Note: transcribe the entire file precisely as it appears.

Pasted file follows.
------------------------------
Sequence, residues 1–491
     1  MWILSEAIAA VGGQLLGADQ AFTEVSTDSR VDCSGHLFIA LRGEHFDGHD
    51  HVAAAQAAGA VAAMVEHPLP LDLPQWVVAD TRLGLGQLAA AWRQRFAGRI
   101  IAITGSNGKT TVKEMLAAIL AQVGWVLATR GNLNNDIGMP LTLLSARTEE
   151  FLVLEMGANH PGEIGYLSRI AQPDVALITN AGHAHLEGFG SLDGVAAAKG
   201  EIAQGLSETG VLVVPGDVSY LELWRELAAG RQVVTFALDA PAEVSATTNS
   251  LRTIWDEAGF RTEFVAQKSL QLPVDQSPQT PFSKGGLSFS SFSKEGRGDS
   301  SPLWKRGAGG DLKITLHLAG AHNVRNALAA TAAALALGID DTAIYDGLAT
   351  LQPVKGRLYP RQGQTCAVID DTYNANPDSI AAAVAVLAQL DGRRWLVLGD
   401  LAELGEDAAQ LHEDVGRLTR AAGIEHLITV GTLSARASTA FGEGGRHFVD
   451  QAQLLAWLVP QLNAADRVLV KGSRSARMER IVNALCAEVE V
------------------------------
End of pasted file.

Sequence, residues 1–491
     1  MWILSEAIAA VGGQLLGADQ AFTEVSTDSR VDCSGHLFIA LRGEHFDGHD
    51  HVAAAQAAGA VAAMVEHPLP LDLPQWVVAD TRLGLGQLAA AWRQRFAGRI
   101  IAITGSNGKT TVKEMLAAIL AQVGWVLATR GNLNNDIGMP LTLLSARTEE
   151  FLVLEMGANH PGEIGYLSRI AQPDVALITN AGHAHLEGFG SLDGVAAAKG
   201  EIAQGLSETG VLVVPGDVSY LELWRELAAG RQVVTFALDA PAEVSATTNS
   251  LRTIWDEAGF RTEFVAQKSL QLPVDQSPQT PFSKGGLSFS SFSKEGRGDS
   301  SPLWKRGAGG DLKITLHLAG AHNVRNALAA TAAALALGID DTAIYDGLAT
   351  LQPVKGRLYP RQGQTCAVID DTYNANPDSI AAAVAVLAQL DGRRWLVLGD
   401  LAELGEDAAQ LHEDVGRLTR AAGIEHLITV GTLSARASTA FGEGGRHFVD
   451  QAQLLAWLVP QLNAADRVLV KGSRSARMER IVNALCAEVE V